1. Load the full vectors, then save in an easy-to-parse format - such as via .save_word2vec_format(..., binary=False). This format is nearly self-explanatory; write your own code to drop all lines from this file that aren't on your whitelist (being sure to update the leading line declaration of entry-count). The existing source code for load_word2vec_format() & save_word2vec_format() may be instructive. You'll then have a subset file.

  2. Or, pretend you were going to train a new Word2Vec model, using your corpus-of-interest (with just the interesting words). But, only create the model and do the build_vocab() step. Now, you have untrained model, with random vectors, but just the right vocabulary. Grab the model's wv property - a KeyedVectors instance with that right vocabulary. Then separately load the oversized vector-set, and for each word in the right-sized KeyedVectors, copy over the actual vector from the larger set. Then save the right-sized subset.

  3. Or, look at the (possibly-broken-since-gensim-3.4) method on Word2Vec intersect_word2vec_format(). It more-or-less tries to do what's described in (2) above: with an in-memory model that has the vocabulary you want, merge in just the overlapping words from another word2vec-format set on disk. It'll either work, or provide the template for what you'd want to do.


Some years ago, I wrote an utility package called embfile for working with "embedding files" (but I published it only in 2020). It supports various formats:

  • .txt (with or without a "header row")
  • .bin, Google Word2Vec format
  • .vvm, a custom format I use (it's just a TAR file with vocabulary, vectors and metadata in separate files so that the vocabulary can be entirely read in a fraction of second and vectors can be randomly accessed).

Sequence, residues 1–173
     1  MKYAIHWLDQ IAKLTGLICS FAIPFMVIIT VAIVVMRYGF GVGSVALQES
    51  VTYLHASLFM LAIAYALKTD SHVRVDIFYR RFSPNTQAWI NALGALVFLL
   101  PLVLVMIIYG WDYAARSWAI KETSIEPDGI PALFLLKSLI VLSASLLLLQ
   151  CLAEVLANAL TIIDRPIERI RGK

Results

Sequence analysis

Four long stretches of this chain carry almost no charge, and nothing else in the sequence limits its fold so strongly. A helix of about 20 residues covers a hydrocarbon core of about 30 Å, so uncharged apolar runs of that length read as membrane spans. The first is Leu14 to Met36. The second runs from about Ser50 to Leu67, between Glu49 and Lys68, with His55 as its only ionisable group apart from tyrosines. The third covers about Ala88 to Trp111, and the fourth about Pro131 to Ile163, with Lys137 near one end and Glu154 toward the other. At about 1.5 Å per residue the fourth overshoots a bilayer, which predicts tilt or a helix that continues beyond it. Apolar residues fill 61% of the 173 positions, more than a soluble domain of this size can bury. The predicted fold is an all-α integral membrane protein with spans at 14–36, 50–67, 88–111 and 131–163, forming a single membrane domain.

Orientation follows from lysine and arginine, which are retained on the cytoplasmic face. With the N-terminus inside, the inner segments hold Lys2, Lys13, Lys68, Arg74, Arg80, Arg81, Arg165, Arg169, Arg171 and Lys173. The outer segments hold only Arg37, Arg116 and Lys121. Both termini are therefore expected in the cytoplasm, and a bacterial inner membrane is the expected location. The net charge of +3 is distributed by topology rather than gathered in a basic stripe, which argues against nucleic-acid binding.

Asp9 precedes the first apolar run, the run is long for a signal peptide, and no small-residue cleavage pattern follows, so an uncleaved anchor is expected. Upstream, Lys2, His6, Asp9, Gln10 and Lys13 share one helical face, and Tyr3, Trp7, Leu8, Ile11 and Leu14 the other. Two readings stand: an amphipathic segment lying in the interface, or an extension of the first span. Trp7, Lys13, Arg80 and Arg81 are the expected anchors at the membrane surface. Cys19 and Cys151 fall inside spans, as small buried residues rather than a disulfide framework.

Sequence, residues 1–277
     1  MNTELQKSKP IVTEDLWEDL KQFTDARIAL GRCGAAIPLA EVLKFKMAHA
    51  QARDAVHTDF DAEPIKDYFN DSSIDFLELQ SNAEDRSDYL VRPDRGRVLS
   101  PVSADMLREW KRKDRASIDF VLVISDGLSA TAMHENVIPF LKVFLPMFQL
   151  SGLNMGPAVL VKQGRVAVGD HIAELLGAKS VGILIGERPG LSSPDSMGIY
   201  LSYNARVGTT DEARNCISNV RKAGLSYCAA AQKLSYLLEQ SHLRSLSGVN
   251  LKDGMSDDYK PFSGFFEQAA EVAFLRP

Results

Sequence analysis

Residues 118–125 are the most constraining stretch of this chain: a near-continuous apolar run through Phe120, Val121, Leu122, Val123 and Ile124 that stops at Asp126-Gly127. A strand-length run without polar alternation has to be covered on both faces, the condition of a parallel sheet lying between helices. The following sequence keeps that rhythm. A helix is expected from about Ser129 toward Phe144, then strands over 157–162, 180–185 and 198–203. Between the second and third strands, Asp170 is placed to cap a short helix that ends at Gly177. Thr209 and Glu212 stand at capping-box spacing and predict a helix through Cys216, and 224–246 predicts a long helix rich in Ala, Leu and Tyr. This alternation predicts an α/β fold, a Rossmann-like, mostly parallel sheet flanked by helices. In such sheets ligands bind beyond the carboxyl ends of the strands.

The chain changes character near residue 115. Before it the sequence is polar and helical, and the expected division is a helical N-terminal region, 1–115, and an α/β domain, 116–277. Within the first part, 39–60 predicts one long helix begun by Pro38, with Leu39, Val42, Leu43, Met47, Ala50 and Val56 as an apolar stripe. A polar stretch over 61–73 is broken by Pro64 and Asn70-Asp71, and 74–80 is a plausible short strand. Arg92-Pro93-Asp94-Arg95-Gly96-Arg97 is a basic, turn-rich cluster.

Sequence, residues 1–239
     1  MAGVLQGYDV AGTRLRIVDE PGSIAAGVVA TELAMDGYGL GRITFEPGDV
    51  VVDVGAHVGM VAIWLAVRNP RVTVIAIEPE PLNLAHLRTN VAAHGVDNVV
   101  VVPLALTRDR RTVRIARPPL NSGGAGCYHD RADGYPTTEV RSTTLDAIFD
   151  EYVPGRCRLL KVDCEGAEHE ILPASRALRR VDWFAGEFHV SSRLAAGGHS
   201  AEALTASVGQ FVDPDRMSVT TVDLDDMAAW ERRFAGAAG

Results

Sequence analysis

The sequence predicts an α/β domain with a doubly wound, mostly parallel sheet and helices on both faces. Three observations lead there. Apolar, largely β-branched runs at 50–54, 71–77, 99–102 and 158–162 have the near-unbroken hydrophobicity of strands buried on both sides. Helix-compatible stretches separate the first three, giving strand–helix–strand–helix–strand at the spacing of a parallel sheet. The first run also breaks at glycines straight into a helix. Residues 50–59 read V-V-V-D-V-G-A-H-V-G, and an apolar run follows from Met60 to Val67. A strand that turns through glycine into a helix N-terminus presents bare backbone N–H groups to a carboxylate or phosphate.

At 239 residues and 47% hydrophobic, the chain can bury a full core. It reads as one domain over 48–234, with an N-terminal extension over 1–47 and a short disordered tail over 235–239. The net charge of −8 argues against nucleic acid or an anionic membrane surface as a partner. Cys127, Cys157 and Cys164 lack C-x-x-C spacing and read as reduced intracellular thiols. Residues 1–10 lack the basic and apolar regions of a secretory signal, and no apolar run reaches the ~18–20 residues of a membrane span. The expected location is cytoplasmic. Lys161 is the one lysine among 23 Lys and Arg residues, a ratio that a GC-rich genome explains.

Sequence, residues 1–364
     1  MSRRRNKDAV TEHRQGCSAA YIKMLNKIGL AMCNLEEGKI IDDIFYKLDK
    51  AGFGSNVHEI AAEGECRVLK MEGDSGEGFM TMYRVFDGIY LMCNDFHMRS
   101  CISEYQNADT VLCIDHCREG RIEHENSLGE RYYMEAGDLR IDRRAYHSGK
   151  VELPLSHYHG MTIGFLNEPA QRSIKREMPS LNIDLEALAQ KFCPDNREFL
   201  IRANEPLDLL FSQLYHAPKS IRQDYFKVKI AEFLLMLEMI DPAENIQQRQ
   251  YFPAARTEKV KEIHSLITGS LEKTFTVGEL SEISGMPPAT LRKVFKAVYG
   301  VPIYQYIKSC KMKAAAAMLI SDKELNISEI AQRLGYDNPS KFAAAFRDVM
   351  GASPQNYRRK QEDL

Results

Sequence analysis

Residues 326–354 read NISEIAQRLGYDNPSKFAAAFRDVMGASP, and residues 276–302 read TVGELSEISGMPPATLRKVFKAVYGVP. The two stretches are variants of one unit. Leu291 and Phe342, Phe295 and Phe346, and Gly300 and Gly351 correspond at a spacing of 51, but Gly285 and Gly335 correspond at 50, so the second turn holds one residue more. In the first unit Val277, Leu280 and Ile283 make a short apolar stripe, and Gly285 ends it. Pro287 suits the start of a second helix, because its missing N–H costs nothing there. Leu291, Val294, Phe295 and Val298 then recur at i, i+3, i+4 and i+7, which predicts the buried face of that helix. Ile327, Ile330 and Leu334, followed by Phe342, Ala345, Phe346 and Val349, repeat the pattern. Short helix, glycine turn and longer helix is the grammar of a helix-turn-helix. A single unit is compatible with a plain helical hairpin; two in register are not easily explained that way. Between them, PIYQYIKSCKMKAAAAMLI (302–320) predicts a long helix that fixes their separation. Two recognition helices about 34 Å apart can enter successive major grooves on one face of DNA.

The use case I wanted to cover is the creation of a pre-trained embedding matrix to initialize an Embedding layer. I wanted to do it by loading just the word vectors I needed and as quickly as possible.

import embfile

with embfile.open(EMBEDDING_FILE_PATH) as f:

    emb_matrix, word2index, missing_words = embfile.build_matrix(
        words=vocab,     # this could also be a word2index dictionary as well
        start_index=1,   # leave the first row to zeros 

This function also handles the initialization of words that are out of the file vocabulary. By default, it fits a normal distribution on found vectors and use it for generating new random vectors (this is what AllenNLP did). I'm not sure this feature is still relevant: nowadays you can generate embeddings for unknown words using FastText or whatever.

The package is extensively documented and tested. There are also examples that show how to use it with Keras.

Keep in mind that txt and bin files are essentialy sequential files and require a full scan (unless you find all the words you are looking for before the end). That's why I use vvm files, which offer random access for vectors. One could have solved the problem just by indexing the sequential files but embfile doesn't have this feature. Nonetheless, you can convert sequential files to vvm (which is something similar to creating an index and packages everything in a single file).